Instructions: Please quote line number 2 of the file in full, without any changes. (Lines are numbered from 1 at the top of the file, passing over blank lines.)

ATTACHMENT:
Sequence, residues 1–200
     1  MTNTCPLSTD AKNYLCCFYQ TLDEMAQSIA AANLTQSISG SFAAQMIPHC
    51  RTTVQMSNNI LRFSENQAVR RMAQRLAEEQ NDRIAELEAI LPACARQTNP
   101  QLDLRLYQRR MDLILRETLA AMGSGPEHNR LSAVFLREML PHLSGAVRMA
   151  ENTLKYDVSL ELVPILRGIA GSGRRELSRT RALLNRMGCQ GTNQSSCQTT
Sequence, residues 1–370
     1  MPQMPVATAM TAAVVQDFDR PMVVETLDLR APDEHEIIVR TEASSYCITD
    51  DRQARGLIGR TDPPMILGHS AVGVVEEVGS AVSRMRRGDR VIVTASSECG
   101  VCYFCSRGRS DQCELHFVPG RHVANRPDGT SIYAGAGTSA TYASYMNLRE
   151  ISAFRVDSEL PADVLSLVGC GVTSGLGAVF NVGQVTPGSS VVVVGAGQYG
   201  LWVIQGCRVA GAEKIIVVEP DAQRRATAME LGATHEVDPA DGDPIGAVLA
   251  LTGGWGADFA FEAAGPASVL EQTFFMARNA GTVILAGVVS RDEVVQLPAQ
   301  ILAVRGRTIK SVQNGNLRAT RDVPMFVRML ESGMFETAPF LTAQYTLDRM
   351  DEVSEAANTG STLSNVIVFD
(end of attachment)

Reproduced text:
     1  MTNTCPLSTD AKNYLCCFYQ TLDEMAQSIA AANLTQSISG SFAAQMIPHC